On August 23, 2010, the US District Court for the District of Columbia issued a preliminary injunction in the case Sherley v. Sebelius, ruling that there is sufficient evidence to warrant halting funding for embryo-destructive research while the case is under consideration. Specifically, the court found that the plaintiffs presented a strong case that NIH Guidelines for Embryonic Stem Cell Research (ESCR) violate the Dickey-Wicker Amendment-language attached to the annual LHHS appropriations bills since 1996, which prohibits federal funding for “research in which a human embryo or embryos are destroyed, discarded, or knowingly subjected to risk of injury or death…” The injunction put NIH funding for embryo-destructive research on hold. District Court Judge Royce C. Lamberth in his ruling stated “(Embryonic stem cell) research is clearly research in which an embryo is destroyed,” and “Congress has spoken to the precise question at issue-whether federal funds may be used for research in which an embryo is destroyed. The Dickey-Wicker Amendment provides that no federal funds shall be used for ’research in which a human embryo or embryos are destroyed, discarded, or knowingly subjected to risk of injury or death greater than that allowed for research on fetuses in utero under 45 C.F.R. =A7 46.204(b) and section 498(b) of the Public Health Service Act (42 U.S.C. 289g(b)).’ Pub. L. No. 111-8, =A7 509(a)(2). Thus, as demonstrated by the plain language of the statute, the unambiguous intent of Congress is to prohibit the expenditure of federal funds on ’research in which a human embryo or embryos are destroyed.’” (pg 10, 1212)
The Court Order stated the Federal government is “enjoined from implementing, applying, or taking any action whatsoever pursuant to the National Institutes of Health Guidelines for Human Stem Cell Research, 74 Fed. Reg. 32,170 (July 7, 2009), or otherwise funding research involving human embryonic stem cells as contemplated in the Guidelines.” On August 31, 2010 the Administration unsuccessfully appealed Judge Lamberth’s ruling. Also on August 31, 2010 the Administration filed a motion to stay the preliminary injunction. Judge Lamberth denied the motion, and the administration appealed.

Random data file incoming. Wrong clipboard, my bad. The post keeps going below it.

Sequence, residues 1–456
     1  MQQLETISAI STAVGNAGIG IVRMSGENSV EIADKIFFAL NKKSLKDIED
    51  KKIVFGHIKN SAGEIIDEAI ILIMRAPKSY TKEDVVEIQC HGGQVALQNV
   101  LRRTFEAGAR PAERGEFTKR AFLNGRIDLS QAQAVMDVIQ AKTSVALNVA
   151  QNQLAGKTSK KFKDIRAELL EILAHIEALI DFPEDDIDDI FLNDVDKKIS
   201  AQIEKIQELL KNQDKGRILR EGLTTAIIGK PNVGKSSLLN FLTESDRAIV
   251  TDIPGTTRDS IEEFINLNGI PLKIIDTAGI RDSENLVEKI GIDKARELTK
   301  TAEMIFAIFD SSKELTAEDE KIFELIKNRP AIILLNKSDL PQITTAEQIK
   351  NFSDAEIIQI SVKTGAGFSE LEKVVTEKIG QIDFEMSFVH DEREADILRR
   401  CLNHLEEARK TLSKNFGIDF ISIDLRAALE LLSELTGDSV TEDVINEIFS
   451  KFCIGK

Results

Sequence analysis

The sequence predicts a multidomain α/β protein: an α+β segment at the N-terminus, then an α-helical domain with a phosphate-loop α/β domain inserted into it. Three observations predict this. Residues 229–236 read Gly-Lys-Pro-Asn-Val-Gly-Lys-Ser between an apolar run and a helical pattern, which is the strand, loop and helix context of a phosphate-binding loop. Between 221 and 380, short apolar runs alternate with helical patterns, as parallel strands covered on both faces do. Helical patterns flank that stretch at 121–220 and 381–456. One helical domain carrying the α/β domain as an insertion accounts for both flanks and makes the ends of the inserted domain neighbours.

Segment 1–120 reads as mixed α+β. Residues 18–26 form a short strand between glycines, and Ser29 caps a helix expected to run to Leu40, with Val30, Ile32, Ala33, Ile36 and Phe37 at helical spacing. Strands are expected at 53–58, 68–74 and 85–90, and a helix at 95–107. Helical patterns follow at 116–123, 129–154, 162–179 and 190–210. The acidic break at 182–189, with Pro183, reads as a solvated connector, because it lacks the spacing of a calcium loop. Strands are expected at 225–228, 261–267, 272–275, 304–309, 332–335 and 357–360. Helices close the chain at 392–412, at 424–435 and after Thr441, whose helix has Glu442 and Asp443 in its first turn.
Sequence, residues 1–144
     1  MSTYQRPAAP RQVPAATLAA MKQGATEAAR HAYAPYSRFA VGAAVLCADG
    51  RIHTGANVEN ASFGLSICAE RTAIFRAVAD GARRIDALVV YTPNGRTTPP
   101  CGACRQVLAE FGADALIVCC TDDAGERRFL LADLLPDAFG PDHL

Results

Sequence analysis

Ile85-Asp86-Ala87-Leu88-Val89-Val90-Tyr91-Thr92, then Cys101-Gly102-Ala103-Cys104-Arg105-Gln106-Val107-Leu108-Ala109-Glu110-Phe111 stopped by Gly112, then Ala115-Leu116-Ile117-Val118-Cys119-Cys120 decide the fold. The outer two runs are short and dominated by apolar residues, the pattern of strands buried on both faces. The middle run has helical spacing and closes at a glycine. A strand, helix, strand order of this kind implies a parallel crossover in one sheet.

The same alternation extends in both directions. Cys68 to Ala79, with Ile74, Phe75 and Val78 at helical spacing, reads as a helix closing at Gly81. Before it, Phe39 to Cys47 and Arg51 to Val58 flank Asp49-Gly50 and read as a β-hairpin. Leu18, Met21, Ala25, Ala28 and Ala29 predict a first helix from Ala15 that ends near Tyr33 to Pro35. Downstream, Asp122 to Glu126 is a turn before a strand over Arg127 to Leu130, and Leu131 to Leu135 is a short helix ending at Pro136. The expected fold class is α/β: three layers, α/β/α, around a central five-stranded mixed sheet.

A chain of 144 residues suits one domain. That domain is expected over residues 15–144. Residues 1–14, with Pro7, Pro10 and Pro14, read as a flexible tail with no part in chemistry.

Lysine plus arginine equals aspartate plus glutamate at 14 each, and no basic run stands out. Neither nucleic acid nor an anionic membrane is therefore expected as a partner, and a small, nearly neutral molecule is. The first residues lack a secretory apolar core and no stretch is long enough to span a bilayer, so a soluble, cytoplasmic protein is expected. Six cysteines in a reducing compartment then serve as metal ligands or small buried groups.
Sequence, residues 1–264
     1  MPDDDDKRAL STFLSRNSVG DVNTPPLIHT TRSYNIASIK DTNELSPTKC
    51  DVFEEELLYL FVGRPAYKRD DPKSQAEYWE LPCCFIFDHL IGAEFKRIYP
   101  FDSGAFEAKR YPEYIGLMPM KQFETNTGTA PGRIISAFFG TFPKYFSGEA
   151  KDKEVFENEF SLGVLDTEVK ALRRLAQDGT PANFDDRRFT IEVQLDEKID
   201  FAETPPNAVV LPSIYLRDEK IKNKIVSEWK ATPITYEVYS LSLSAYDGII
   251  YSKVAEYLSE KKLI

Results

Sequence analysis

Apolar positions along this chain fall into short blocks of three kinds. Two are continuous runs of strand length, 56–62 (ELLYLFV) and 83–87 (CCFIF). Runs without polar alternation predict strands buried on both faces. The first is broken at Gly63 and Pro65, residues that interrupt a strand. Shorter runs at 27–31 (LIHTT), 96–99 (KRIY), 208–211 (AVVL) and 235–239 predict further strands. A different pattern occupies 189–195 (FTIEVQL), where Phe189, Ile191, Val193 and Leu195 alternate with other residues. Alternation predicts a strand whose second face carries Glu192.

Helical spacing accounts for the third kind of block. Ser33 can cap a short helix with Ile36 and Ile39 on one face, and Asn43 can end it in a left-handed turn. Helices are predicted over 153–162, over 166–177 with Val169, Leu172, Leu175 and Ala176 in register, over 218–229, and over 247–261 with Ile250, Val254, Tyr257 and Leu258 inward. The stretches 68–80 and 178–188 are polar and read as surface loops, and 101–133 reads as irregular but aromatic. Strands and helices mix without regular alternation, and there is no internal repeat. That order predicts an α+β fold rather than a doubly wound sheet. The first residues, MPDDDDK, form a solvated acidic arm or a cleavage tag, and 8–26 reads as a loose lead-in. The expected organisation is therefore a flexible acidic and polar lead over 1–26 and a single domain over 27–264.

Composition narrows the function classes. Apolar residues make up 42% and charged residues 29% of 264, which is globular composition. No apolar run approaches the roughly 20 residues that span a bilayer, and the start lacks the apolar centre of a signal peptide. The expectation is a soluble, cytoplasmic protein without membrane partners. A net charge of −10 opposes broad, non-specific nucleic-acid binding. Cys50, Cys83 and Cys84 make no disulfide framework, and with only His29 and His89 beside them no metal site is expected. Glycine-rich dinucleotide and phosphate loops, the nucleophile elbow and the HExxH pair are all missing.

On September 9, 2010 the District Court of Appeals granted an administrative stay which reads, in part, “The purpose of this administrative stay is to give the court sufficient opportunity to consider the merits of the emergency motion for stay and should not be construed in any way as a ruling on the merits of that motion.” On September 3, 2010, the plaintiffs, James Sherley and Theresa Deisher issued declarations and filed a memorandum in opposition to the motion to stay. The District Court of Appeals made their final decision on April 29, 2011, overturning the preliminary injunction, allowing federal funding of embryo destructive research to continue until the case is decided by the US District Court for the District of Columbia.
On July 27, 2011, Judge Lamberth denied Sherley and Deisher’s motion for summary judgment and granted the Defendants’ motion for summary judgment. Thus ruling against the plaintiffs.
Polling Information and Opposition to Taxpayer Funding
A Rasmussen Poll released on Friday, August 27, 2010, reveals that “only 33% of U.S. voters believe that taxpayer money should be spent on embryonic stem cell research” and 57% of those polled OPPOSE taxpayer funding for controversial stem cell research that requires destruction of human embryos. The poll demonstrates that while Americans are less likely to believe embryo-destructive research is morally wrong, a majority oppose federal funding for the research.